There is a legend that the head of the ogre Ura (the origin of the Oni demon) is buried under the kamado. Akinari Ueda in the 'Ugetsu' relates the story that, one night, Prince Kibitsuhiko (the model for Momotaro, the legendary Peach Boy) dreamt of Ura's spirit, which tells the prince to have his wife Azome light the fire beneath the cauldron. The spirit says that a 'rich' sound from the cauldron will bring good fortune, while a 'wild' sound will bring misfortune.
From this legend, we can clearly see how Kibitsuhiko's dream became part of the fortune-telling narukami ritual we see today at the shrine.
Tado Taisha is a shrine located in Tado-cho, Kuwana City, Mie Prefecture. Its tutelary deity is Amatsu-hikone, the 3rd child of the sun goddess Amaterasu-Ookami.
Because it enshrines one of the sons of Amaterasu-Ookami, the shrine has a strong connection with the Ise Grand Shrine, as can be seen from the famous poem: 'If you come to Ise Shrine to worship, then you should visit Tado Shrine, too. If you don't, then your visit will only be half of what it could be.'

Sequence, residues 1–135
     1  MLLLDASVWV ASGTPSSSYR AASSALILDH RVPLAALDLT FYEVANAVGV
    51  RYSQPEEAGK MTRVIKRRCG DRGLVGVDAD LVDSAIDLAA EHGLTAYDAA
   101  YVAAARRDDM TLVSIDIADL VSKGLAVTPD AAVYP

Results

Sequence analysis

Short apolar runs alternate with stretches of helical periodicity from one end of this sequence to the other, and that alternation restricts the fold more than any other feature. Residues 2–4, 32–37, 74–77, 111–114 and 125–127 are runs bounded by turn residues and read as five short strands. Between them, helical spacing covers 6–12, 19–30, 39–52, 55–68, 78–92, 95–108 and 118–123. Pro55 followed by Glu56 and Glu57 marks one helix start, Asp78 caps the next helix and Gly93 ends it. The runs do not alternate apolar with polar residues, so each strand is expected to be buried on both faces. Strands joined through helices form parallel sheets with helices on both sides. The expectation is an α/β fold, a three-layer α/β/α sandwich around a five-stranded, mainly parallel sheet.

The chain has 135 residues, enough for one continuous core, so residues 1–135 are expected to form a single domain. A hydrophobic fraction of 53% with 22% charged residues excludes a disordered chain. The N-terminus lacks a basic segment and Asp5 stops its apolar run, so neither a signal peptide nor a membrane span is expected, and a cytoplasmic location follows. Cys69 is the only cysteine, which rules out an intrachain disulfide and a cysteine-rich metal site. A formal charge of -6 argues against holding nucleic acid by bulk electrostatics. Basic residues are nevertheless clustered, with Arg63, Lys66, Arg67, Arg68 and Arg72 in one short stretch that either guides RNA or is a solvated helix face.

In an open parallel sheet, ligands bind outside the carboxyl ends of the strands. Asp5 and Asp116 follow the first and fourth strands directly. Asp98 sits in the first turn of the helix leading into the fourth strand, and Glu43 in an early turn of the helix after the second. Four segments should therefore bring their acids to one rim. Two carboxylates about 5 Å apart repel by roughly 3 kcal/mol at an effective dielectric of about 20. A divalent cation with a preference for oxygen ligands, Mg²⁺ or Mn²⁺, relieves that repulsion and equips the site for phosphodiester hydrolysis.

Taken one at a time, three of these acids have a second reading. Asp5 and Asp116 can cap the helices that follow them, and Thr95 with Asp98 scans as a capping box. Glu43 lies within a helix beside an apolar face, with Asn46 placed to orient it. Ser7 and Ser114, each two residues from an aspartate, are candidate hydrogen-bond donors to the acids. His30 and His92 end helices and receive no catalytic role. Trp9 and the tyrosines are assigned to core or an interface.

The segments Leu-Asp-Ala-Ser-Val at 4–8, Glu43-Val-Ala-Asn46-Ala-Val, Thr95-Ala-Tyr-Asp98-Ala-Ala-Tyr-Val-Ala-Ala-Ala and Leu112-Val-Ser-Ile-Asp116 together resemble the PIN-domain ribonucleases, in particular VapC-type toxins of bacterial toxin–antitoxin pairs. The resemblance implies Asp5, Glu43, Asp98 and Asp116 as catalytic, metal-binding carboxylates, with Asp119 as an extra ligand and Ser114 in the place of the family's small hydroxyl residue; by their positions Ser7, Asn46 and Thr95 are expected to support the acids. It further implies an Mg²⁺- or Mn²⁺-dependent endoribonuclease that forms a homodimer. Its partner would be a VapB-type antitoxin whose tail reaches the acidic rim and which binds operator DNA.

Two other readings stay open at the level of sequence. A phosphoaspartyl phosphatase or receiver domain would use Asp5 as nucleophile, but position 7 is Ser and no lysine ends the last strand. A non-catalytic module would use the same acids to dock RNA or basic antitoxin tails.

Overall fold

The shrine is also commonly known as Kita-ise-daijinja, Tado-daijinja, and so on. In the case of Tado Taisha, the name stands for Tado-jinja as the main structure, combined with other additional minor small shrines in the vicinity. From ancient times, Mt Tado (403m) has been worshipped as a divine mountain, as can be seen from the Iwakura (sacred stone) found halfway up the mountain.
The shrine is said to have been first constructed in the mid-5th century during the reign of Emperor Yuuryaku. It was burned down by Nobunaga Oda in 1571, but rebuilt in 1605 by Tadakatsu Honda. The shrine holds seven National Important Cultural Assets including Tado-kyou, Jingu-jigaran-engi-narabini-shizai-chou, and others.